Plain English at Work: A Guide to Writing and Speaking / Edition 1by Edward P. Bailey, Larry Bailey
Pub. Date: 05/28/1996
Publisher: Oxford University Press, USA
Everyday we write countless memos, letters, and reports without a second thought. Likewise, we give presentations, both formal and informal. Often this writing and speaking gets criticized for being jargon-ridden, obscure, or long-windedin short, for not being in "plain English." But what is plain English, and how do we go about writing and speaking… See more details below
Everyday we write countless memos, letters, and reports without a second thought. Likewise, we give presentations, both formal and informal. Often this writing and speaking gets criticized for being jargon-ridden, obscure, or long-windedin short, for not being in "plain English." But what is plain English, and how do we go about writing and speaking it? In Plain English at Work, Edward Bailey gives the answer, with down-to-earth tips and practical advice. Bailey, an expert in business communication, gives us a simple model for writing:
· Style: write more the way you talk.
· Organization: make your point easy to find.
· Layout: use headings, lists, and other white space so readers can see the structure of your writing.
Psycholinguists, Bailey points out, have proven that the techniques of plain English writing are far easier on your readers; experience has proven that writing in plain English is easier on youthe writer, too. Bailey also gives you a wealth of practical advice for presentations including:
· How to remember your talk.
· How to design visual aids.
· How to design computer presentations.
· How to set up the room you'll be speaking in.
· How to develop a successful delivery style.
Perhaps most impressive are the many detailed tips he gives here. For instance, when using a pointer, hold it in the hand closer to the screen (otherwise, you turn your back on the audience, making it harder to hear you). When designing a visual aid, use at least 28-point type, and seldom use all capital letters (which are harder to read). And when presenting a bar chart during a computer presentation, build ita bar at a timeto focus your audience's attention.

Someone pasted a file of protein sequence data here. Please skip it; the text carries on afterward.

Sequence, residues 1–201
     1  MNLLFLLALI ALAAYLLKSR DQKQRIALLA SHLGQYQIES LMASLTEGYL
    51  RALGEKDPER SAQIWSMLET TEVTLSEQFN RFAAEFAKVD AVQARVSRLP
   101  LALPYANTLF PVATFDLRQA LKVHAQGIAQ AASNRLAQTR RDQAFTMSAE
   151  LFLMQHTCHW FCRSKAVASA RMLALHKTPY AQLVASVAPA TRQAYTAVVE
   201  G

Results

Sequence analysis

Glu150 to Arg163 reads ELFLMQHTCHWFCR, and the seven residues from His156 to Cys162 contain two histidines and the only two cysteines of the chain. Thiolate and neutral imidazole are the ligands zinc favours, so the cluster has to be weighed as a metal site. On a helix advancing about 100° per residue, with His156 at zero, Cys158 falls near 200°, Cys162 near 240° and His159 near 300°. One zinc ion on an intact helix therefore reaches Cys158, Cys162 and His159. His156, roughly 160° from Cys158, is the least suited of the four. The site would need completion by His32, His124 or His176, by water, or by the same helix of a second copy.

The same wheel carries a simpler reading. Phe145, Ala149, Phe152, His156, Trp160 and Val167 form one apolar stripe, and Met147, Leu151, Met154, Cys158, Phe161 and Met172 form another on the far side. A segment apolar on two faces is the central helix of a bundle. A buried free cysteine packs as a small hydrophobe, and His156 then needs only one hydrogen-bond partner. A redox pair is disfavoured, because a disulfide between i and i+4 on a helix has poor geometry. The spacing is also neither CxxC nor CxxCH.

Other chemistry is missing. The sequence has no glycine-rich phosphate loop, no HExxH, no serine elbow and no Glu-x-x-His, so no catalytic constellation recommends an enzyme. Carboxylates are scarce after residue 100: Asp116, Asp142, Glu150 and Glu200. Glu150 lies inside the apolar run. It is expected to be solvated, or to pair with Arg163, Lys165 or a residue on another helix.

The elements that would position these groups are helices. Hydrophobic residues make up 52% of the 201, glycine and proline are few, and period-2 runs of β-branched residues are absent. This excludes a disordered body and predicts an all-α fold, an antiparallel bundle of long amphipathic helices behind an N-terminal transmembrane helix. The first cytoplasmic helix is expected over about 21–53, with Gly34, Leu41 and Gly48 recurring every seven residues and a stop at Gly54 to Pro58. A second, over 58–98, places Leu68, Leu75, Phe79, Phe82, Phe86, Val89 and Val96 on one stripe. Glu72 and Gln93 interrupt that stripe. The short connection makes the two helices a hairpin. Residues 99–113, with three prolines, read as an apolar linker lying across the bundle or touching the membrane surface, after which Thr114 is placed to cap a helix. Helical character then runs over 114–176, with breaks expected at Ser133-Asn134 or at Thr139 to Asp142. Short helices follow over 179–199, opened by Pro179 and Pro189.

Drawing on two earlier and popular books, The Plain English Approach to Business Writing and A Practical Guide for Business Speaking, this new volume has been significantly updated. It includes up-to-the-minute information on using computers, computer graphics, and typography for your writing, and on using the same technology for designing your presentations. The result is an authoritative and comprehensive single volume that will be the essential guide for everyone wishing to communicate more easily and effectively at work.
Table of Contents
|1||What is plain English writing?||3|
|2||Style: writing a readable sentence||9|
|3||Organization: getting to the point||25|
|4||Layout: adding visual impact||31|
|5||A model for writing||39|
|15||The writing process||117|
|17||Designing a successful presentation||131|
|18||Organizing your presentation||137|
|20||Remembering what to say||158|
|21||Choosing visual aids||169|
|22||Designing visual aids||182|
|23||Designing visual aids - further tips||200|
|24||Designing computer presentations||211|
|25||Involving your audience and using humor||219|
|27||Setting up the room||235|
|28||Using effective techniques of delivery||243|
|29||Presenting visual aids||250|
|30||Handling questions and answers||263|
|31||Helping others speak better||271|
|Appendix A: Simpler words and phrases||277|
|Appendix B: Checklist for speakers||281|
|Appendix C: Checklist for setting up the room||283|
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